I admit I was not in the market for a fabulous leopard print chaise lounge. But there it was being offered by a member of my neighborhood Buy Nothing group last week.
Are you looking for a statement piece for the new year? That’s how the post started.
I wasn’t. But this is fabulous. Maybe I am now!
I could at least put my name in for consideration …
The Buy Nothing Project
This post is not sponsored. I just really love my local Buy Nothing Group.
The Buy Nothing Project is simple. Neighbors who have an item they no longer want or need can offer it as a gift to other Buy Nothing group members free of charge. No selling. No trading. No strings attached.
Just straight-up gift gifting.
Or if you need something (pretty much anything!), you can ask the group for it before going out and buying it. I have been a member of my local Buy Nothing group for a few years now. I have given and received, asked for “gifts of service” and rummaged around my house to find specific items people requested, everything from office supplies to a Thanksgiving table runner.
But Buy Nothing is about so much more than free stuff. It is about community building and meeting your neighbors. It is making the world a little bit better by keeping stuff out of landfills and reaching out to people in your community.
And it’s fun!
The Buy Nothing Project started in 2013 when two friends on Bainbridge Island, Washington had an idea for a hyper-local gift economy. It has grown to more than 7,500 Buy Nothing communities in 44 countries, according to the Buy Nothing website. Now there are 6.5 million people around the world sharing from their abundance, a key philosophy of the movement.
“The Buy Nothing Project is about setting the scarcity model of our cash economy aside in favor of creatively and collaboratively sharing the abundance around us,” according to its website.
Sharing the abundance around us. I love that and want to be a part of it!
My Buy Nothing Experience
I have given away many items over the years from furniture to clothing to toys my son has outgrown. It always thrills me a little bit that somebody wants my old stuff and it is fun to hear what they are going to do with it.
Before Christmas, I gave away a lamp I had painted and stenciled years ago. The lady shared a photo of it in her guest room and said it made the space nicer for her mother-in-law’s holiday visit. Isn’t that better than just throwing the old lamp away?
But I have received so much more. There’s the awesome light-up “awesome” sign pictured above. Tickets to the King Tut Experience in Washington, D.C. The knee scooter a lady passed along to me for my sister when she had surgery last summer. (Then my sister passed it along later to someone who needed it in her neighborhood Buy Nothing group.)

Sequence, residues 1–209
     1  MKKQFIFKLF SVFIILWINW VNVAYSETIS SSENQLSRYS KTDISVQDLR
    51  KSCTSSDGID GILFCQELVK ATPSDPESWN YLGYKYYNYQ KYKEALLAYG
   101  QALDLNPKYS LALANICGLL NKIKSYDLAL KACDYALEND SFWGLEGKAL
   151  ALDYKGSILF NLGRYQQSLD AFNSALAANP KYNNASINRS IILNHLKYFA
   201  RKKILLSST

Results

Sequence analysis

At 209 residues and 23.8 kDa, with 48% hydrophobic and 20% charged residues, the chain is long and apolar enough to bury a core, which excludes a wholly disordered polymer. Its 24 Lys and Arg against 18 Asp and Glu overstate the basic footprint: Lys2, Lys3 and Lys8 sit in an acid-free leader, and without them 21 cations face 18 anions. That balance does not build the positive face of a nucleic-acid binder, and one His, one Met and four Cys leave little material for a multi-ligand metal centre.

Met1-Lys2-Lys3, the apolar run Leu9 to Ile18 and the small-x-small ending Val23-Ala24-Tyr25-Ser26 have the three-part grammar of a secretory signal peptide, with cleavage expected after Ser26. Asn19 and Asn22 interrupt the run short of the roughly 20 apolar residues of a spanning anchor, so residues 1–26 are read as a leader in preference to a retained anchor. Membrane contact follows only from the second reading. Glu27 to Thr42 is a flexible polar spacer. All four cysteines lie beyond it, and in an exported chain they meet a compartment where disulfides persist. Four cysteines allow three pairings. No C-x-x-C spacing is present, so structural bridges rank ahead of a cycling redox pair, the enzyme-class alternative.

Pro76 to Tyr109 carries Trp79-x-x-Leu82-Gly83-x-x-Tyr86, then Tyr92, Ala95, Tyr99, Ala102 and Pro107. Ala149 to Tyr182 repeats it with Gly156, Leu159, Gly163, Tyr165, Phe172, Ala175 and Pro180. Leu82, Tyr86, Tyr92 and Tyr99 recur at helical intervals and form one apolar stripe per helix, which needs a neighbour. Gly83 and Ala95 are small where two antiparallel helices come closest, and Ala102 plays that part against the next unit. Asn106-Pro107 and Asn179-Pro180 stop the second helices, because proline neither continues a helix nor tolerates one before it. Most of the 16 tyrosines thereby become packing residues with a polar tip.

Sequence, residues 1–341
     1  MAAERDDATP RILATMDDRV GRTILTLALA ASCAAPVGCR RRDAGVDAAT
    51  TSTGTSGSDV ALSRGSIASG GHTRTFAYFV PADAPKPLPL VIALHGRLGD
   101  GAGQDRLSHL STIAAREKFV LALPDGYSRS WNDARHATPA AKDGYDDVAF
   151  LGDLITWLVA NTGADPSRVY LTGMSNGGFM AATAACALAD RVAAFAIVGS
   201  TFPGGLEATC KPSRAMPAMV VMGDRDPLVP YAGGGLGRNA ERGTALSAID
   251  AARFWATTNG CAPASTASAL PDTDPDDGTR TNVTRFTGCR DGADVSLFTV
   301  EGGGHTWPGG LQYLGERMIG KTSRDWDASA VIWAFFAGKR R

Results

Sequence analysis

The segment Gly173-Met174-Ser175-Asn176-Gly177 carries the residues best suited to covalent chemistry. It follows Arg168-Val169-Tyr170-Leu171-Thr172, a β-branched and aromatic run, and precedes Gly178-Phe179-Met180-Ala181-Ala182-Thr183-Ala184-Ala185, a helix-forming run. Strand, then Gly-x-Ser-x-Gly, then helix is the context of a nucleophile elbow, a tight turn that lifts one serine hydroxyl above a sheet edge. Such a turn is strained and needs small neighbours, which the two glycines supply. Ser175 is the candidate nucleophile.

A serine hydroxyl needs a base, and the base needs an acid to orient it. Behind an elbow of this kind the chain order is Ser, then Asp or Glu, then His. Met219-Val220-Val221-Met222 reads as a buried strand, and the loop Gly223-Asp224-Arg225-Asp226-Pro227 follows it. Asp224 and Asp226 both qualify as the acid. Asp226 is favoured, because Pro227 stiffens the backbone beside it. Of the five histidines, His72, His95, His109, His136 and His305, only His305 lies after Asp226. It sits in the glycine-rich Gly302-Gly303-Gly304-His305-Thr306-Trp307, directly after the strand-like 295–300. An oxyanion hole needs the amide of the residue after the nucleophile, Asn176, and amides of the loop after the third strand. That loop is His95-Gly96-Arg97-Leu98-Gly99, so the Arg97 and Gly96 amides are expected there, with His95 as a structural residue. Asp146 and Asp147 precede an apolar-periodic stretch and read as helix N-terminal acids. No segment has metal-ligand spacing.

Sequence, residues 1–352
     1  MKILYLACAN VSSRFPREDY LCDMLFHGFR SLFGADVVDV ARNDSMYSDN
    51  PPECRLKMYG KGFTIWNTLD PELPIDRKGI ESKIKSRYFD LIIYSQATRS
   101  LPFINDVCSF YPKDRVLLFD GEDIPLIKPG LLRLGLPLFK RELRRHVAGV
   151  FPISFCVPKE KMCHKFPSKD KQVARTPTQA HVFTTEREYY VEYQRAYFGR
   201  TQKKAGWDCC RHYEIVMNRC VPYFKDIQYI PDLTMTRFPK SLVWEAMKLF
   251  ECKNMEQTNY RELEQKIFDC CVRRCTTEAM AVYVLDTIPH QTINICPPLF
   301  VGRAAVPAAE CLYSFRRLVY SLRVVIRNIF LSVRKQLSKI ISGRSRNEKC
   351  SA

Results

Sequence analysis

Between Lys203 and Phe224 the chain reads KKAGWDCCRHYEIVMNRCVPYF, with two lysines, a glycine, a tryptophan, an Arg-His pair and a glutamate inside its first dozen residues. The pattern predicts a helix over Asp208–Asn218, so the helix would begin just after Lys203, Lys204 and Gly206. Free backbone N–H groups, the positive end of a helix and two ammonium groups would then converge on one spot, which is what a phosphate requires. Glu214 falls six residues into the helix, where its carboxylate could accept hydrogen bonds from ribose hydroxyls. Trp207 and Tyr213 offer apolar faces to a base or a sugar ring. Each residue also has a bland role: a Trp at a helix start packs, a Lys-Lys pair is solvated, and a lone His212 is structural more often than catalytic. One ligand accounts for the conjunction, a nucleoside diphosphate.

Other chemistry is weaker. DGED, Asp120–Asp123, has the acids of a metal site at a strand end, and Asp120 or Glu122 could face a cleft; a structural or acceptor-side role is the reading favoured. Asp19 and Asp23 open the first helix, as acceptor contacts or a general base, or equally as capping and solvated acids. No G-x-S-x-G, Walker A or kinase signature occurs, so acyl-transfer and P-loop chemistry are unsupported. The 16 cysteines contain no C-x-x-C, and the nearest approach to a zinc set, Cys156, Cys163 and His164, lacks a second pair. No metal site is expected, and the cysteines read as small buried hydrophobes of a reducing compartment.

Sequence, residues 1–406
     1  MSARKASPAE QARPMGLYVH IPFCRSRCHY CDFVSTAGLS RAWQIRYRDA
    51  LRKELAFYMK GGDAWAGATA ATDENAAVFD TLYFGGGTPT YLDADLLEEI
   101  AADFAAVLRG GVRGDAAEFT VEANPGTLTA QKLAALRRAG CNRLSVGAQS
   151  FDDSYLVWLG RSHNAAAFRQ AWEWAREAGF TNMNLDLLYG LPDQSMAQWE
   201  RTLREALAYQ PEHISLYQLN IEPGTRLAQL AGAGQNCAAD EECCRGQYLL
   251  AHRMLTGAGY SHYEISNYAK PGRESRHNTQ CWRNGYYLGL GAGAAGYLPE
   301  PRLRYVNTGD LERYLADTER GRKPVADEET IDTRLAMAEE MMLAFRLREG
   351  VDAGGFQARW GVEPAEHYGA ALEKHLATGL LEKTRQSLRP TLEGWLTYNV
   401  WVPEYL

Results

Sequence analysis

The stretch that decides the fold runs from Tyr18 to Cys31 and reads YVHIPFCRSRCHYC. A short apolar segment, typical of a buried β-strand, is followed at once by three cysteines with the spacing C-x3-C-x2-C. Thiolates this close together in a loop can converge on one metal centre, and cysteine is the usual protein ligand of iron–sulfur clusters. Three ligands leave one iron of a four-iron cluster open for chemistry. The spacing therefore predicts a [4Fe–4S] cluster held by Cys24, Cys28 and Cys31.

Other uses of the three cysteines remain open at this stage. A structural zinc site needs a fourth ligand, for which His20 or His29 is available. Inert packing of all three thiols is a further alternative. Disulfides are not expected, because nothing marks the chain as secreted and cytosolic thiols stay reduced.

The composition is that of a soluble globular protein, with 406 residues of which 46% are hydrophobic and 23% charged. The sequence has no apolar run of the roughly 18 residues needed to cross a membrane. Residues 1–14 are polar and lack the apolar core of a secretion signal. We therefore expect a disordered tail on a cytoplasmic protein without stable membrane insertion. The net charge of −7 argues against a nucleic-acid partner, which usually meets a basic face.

And these really cool file drawers from an old law office desk we made into shelves above my son’s desk. The Buy Nothing project helps me create a home I love to live in — in a sustainable way.
One year I asked for Washington Nationals bobbleheads for a birthday present to add to my son’s collection. A complete stranger saw my post and looked through her stuff to find a Max Scherzer bobblehead to make my little boy’s birthday special. The free stuff is great — and I like everything I have received. But it’s not really about the stuff.
It’s about the acts of kindness and love.
Gifts of Service
Last Christmas, we wanted to make a CD for my dad of my son playing Christmas songs on his guitar. But the CD drive on my ancient computer was broken. I asked my Buy Nothing group if anybody could help record the CD for us.
A wonderful lady offered to help. I emailed her the file of my son playing his songs and a day later I was on her doorstep picking up the CD. My dad loves it so much, he drove around listening to Christmas songs all summer! All because of the kindness of a lady I would probably never know without the Buy Nothing group.
The Fabulous Leopard Chaise Lounge
A few days after the fabulous leopard chaise lounge was posted, the lady contacted me and asked if I was still interested. Only one other person had wanted it and then changed her mind when she figured out it wouldn’t fit in her room.
“What are the measurements?” my husband asked.
I don’t know. A bunch of numbers. Let’s go get it!
“Will it fit in the car?”
Of course it will!
It didn’t fit in the car. … But we got it home anyway.
And then it didn’t fit through the basement door where I was planning to put it downstairs in my art studio. Because … measurements.
So now I have a Fabulous Leopard Chaise Lounge AND a plan to re-do my office space where it DOES fit through the doors!
You never know what will be given away in your neighborhood Buy Nothing group. That’s all part of the fun.